#26: Typewolf

A short and sweet roundup of the latest type news and typeface releases delivered to your inbox every Tuesday.

#27: UX Design Weekly

A curated list of the best user experience design links every week.

#28: HeyDesigner

Design news for product people, UX designers, product managers and frontend developers.

#29: Web Designer News

A collection of the best news for digitaldesigners ranging from apps, business, design, typography, tech, UX design, web design, and more.

#30: The Designlab Digest

Ready to build your UX Design skills, and switch to a new creative career? Check out our UX Academy program, which combines 1-on-1 mentoring with rigorous curriculum and group design critiques.

Here at Designlab we send out a monthly newsletter with posts from our blog, articles from friends around the web, free video training, and heaps more UX/UI design goodness. If you’re not already subscribed, you can sign up at the bottom of this page!

30 UX Design Resources You Should Know About was originally published in UX Planet on Medium, where people are continuing the conversation by highlighting and responding to this story.


Accelerating Design Process With Plugins

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Vlad Chetan’s Speeding

Are you willing to speed up your design process but the majority of your time goes in just grouping and arranging assets? Here is one solution for you. Bring the functionalities and features directly into your XD file and just sit back to watch how accelerated your work will look like.

Selecting from over 250+ plugins can be overwhelming, but if you’re a beginner here are some of the useful plugins curated just for you-

  1. Icons 4 Design

Something you should not miss out on. With over 5000+ free vector-based customizable icons, you’re just one step click away. Search from a variety of options for one type of icon and change the size, colors, thickness, and much more.

Sit back and relax this sip of coffee! ☕

2. unDraw

Not interested in surfing hundreds of illustrations when doing your internship/job assignments? Here is unDraw for you with beautiful images for your projects and customized illustrations.

uD and that’s of course you Design! 👩🏻‍💻

3. UI Faces

Select any shape and fill it with an avatar. From selecting male and female to selecting emotions like happiness and neutral or to look for a particular age group. Now avoid placeholder icons for faces as this plugin has it all.

Everything you need to color your project with! 🌈

4. Stickles

If you and other designers are willing to leave descriptive notes to explain and clarify certain things, this plugin is right for you. It helps you to add sticky notes near to your artboard, you can even classify the notes according to different colors.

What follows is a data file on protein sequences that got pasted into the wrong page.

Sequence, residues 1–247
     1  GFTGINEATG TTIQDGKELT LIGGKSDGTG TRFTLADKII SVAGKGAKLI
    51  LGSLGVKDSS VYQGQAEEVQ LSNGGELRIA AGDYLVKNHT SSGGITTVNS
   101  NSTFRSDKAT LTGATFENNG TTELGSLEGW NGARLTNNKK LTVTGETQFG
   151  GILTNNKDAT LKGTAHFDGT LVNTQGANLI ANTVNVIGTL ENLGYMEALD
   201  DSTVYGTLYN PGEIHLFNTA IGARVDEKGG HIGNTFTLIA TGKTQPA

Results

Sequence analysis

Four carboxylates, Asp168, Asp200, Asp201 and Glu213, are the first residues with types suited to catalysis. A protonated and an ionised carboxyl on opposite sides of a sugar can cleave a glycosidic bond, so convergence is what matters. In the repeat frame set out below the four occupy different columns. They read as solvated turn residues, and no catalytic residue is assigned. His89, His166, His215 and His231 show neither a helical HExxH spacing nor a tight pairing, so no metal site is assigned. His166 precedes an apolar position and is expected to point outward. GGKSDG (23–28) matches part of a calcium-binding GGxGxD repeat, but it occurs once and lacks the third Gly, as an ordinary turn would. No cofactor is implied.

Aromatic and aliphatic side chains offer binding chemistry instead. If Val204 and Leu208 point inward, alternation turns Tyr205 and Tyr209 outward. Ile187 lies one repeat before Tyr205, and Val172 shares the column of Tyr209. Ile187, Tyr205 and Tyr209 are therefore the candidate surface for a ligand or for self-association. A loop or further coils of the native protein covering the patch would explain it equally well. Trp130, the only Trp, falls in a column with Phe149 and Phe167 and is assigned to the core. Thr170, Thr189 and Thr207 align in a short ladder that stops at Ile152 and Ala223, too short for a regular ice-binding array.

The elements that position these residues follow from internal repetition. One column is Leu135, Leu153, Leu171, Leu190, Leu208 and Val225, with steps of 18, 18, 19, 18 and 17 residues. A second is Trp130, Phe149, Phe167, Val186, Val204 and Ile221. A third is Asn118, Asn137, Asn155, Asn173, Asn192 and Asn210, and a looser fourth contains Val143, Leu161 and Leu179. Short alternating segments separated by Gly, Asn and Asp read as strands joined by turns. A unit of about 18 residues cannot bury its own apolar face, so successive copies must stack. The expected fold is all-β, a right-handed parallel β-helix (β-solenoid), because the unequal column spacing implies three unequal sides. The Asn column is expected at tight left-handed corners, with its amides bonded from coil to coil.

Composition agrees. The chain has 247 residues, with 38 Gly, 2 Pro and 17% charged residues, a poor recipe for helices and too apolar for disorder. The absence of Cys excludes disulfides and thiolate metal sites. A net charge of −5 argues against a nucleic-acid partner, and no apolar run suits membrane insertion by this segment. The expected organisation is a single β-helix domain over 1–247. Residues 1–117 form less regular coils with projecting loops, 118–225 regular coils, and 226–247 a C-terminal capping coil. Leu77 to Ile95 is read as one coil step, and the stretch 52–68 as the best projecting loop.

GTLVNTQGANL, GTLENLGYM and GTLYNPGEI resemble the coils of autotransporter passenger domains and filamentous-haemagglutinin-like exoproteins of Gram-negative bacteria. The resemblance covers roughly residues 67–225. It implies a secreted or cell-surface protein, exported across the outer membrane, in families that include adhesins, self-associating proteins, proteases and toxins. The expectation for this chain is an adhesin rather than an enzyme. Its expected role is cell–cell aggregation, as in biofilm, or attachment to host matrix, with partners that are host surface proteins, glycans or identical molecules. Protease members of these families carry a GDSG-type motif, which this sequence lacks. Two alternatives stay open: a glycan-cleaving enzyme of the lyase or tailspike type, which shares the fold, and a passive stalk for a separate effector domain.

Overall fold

Knowledge is an island! 🏝

5. Stark

Stark makes designing with accessibility easier. From colorblind stimulation to rapid contrast checker, it can do this right into Adobe XD. Building products that are inclusive to everyone is one step closer now.

To infinity and beyond! 

6. Fancy Maps

It lets you add a customizable map to your designs with the help of Google Maps API. You can select the map style, from colored to black and white to select the zoom level. Zoom level refers to the point if you want the map to be of a state or city or a particular street. It is just a few clicks away.

Don’t drop a win, drop a pin! 📍

(If you’re curious to know what these quotes indicate, install these plugins right now, and it will give you a clearer image of how the wordings and the emoji give a parallel comparison to the plugin.)

If that was useful, share it with as many designers as you can. Your clap will motivate me to come up with the next set of plugins. So clap, clap, clap your hands 🎶

Accelerating Design Process With Plugins was originally published in UX Planet on Medium, where people are continuing the conversation by highlighting and responding to this story.


What Designers Need to Know About WEF’s New “Ethics by Design” Report

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There’s a new framework designers can use to think about ethics. Get the recap.

When we talk to designers, they consistently mention wanting to shape a better world. Many have an underlying desire to help society and uphold the basic human rights of every human being. Maybe you’re one of them. Wanting to shape a better world may be necessary but it isn’t sufficient on the path to produce ethical outcomes. Ethics is a behavioral challenge and we need to create organizational approaches to help people change their behaviors. One emerging solution is outlined in a new report from the World Economic Forum (WEF).

A new framework for designers to think about ethics

The report — “Ethics by Design: An organizational approach to responsible use of technology” — illuminates ways that companies can help employees (especially designers) make ethical choices. Read on for designer-centered takeaways and download the full report.